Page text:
Veteran’s Day

Director Jarvis Duncan erupted on the scene with his stylish 1979 thriller Veterans Day. In an expertly filmed opening flashback, we meet our protagonist Captain Troy Richards (played with intensity by Victor Crewes) deep in the heart of Vietnam. He’s flanked by some of his men: Sergeant Timothy Smith (Walt Wilson), Specialist David Douglas (Ben… Read more

Cheer Up, Mr. Jack O. Lantern!

Whenever one is asked to name things that represent Halloween, a jack-o-lantern is almost guaranteed to be near the top of the list. Scowling, grimacing jack-o-lanterns are synonymous with Halloween, but what about a melancholy jack-o-lantern? What does that represent? And why is he so down in the dumps to begin with? Writer-director Stuart Winstonson… Read more

Columbus: The Revenge

Columbus: The Revenge opens in typical 1980s slasher movie fashion: a killer’s POV of two teens kissing on one of the town’s Columbus Day floats. Very quickly, they’re undressed and having sex. Soon enough, the unseen assailant is close enough to strike, impaling both of them with a thick, wooden pole. The teens die, looking into… Read more

Columbus: The Devil Explorer

Several years before his first mainstream film — and the controversy surrounding it — Trigger & Sledge director Russell Kandar made his name with low-budget pornographic movies. Kandar prided himself with his voluminous output, releasing over 40 adult films in 1970 alone. In some of his later works, particularly Meeting Richard Johnson and Missy Lou’s… Read more

Forget Me Not

Forget Me Not opens at McQuade Falls Retirement Community with only five days until the annual Grandparents Day celebration. Fred and Eleanor are walking along the duck pond, talking of how excited they are to see their grandchildren during the event. They pass a grouping of bushes when a man steps from the shadows. The… Read more

Labor Day

Labor Day begins on the night of Chesteron High’s spring prom. Kelly (newcomer girl-next-door Rebecca Gillis) and her boyfriend Gene (slasher flick veteran Roy Clark) are kissing in the back of Gene’s Camaro and things are moving into more intimate territory. Kelly protests at first, but eventually gives in to Gene’s advances and they consumate their relationship.… Read more

Independence Slay

Fuochi D’artificio Omicidio, Italian auteur Claudio Franconetti’s first film, owes a lot to the 1960s and 1970s giallo fare from Argento and Bava, but sadly can’t compete with even their worst works. The film follows Flora Sachetti’s Antonia, an art student in Sicily. Franconetti takes his time with Antonia, really establishing her character and grounding… Read more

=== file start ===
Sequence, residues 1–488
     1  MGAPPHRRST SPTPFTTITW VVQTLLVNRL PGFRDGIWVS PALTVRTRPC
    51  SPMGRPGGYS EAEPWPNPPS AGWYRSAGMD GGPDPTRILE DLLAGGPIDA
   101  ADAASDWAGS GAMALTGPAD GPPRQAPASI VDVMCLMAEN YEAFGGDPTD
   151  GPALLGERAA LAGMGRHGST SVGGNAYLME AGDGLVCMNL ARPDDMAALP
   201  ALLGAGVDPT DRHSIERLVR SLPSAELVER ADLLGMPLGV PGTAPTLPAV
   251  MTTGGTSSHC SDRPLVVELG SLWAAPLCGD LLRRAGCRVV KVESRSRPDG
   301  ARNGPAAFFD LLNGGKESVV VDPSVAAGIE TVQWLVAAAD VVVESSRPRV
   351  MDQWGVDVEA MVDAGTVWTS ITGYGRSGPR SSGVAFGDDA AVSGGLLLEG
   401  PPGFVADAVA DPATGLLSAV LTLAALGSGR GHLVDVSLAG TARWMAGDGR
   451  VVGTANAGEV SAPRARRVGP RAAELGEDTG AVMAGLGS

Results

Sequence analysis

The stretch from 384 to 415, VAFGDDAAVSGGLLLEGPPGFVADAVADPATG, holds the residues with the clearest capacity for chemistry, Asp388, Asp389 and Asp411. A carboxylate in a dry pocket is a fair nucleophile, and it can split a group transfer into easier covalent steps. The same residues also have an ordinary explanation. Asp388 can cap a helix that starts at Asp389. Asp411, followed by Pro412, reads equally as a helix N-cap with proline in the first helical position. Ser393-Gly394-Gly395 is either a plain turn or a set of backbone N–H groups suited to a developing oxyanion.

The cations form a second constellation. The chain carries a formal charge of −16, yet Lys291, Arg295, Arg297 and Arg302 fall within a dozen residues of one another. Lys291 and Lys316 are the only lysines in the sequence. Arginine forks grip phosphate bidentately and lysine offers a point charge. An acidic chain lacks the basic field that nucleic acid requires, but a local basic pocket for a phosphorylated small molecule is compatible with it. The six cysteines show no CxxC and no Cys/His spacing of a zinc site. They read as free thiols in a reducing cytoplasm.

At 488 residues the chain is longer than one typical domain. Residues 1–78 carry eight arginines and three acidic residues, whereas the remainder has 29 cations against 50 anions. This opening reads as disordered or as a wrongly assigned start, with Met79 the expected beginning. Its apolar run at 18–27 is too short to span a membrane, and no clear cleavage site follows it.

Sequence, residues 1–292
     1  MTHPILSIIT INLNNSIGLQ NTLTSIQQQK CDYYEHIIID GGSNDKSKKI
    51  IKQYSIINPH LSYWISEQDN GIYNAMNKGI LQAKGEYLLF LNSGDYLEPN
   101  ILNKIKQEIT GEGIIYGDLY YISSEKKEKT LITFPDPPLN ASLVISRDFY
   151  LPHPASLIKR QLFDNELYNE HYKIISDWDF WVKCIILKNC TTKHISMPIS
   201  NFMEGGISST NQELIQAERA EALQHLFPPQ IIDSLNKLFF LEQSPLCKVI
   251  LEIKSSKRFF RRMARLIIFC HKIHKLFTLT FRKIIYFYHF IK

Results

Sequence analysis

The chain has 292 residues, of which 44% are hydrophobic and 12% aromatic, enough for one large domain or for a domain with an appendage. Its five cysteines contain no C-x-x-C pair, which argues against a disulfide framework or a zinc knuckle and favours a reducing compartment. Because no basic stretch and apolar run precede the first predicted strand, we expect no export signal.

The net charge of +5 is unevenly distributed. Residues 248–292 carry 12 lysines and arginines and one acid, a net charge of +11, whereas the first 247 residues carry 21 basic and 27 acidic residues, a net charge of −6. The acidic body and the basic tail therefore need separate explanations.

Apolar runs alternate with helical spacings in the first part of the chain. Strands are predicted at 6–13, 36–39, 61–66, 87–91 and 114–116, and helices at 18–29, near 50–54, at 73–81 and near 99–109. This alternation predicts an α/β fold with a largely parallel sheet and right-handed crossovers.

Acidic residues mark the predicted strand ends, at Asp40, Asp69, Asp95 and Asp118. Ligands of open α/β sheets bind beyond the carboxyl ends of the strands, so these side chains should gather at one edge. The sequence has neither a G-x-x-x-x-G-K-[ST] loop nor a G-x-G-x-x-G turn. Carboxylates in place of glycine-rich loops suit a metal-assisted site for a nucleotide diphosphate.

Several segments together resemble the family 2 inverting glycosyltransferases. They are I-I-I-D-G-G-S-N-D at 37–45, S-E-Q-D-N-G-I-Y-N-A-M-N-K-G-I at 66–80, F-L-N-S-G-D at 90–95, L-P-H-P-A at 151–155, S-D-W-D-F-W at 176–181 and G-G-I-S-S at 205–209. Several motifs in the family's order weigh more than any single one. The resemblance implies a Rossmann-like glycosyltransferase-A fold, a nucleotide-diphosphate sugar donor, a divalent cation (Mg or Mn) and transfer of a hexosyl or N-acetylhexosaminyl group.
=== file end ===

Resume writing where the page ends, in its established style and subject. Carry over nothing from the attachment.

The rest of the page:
Father’s Day

After Flag Day failed to make an impact at the box office, Italian director Claudio Franconetti was thought to have vanished into obscurity. He was supposedly so distraught over the film’s lack of success that he cut off all contact with the outside world. A few years later, rumors began to emerge that Franconetti had… Read more

Flag Day

Flag Day (1986) is the story of Liberty High School student Mindy Jessup and her group of friends (Heather, the captain of the cheerleading squad;  Heather’s boyfriend, Chaz, who rides a motorcycle; Claire, the artsy one; and Claire’s brother, Reggie, who has an attraction to Mindy). The group, all attending summer school,  scoff at the school’s… Read more

Mother May I?

Benjamin Peterson swears he has a good relationship with his mother, but judging from his 1964 directorial debut Mother May I?, you wouldn’t be wrong in thinking he was lying. The film follows Thomas Cline’s deranged Bruce as he stalks the streets of Los Angeles, strangling and bludgeoning any woman he sees wearing a particular… Read more

Cinco de Murder

Jerry Skwiski, one half of the creative duo behind Dreidel of Dread and The Twelve Slays of Christmas, set out on his own to craft another holiday-themed horror flick and what he came up with was the 1996 Liberation Films release Cinco de Murder. Despite Skwiski’s termination of his original contract with the production company, Liberations Films… Read more

May Day

Filmmaker Patrick Dawson had already made two successful studio-financed comedies (The Dragon Boys and Ben Cleveland and The Baker Initiative) before striking out on his own to make the melodramatic May Day. After seeing the film, it makes one wish he’d stayed with formulaic comedies, because drama is not Dawson’s forte. The film follows the labor… Read more

The Rabbit’s Foot

In the bizarre short The Groundhog’s Shadow, there’s a sequence where the titular groundhog encounters a rabbit. This scene is quick and then both creatures are off on their respective journeys. In Randy Wolff’s dark, uncomfortable The Rabbit’s Foot, we see where that rabbit was coming from and where it was going. Whereas Groundhog focused on… Read more

The Plant

Horror films have long been used as a metaphor for societal issues, the most notable example being the parody of mindless consumerism in The Dead Don’t Take Checks. Environmental activist and director John Klimer sought to make his own kind of “message horror” film regarding the environment and how out disregard for keeping the planet… Read more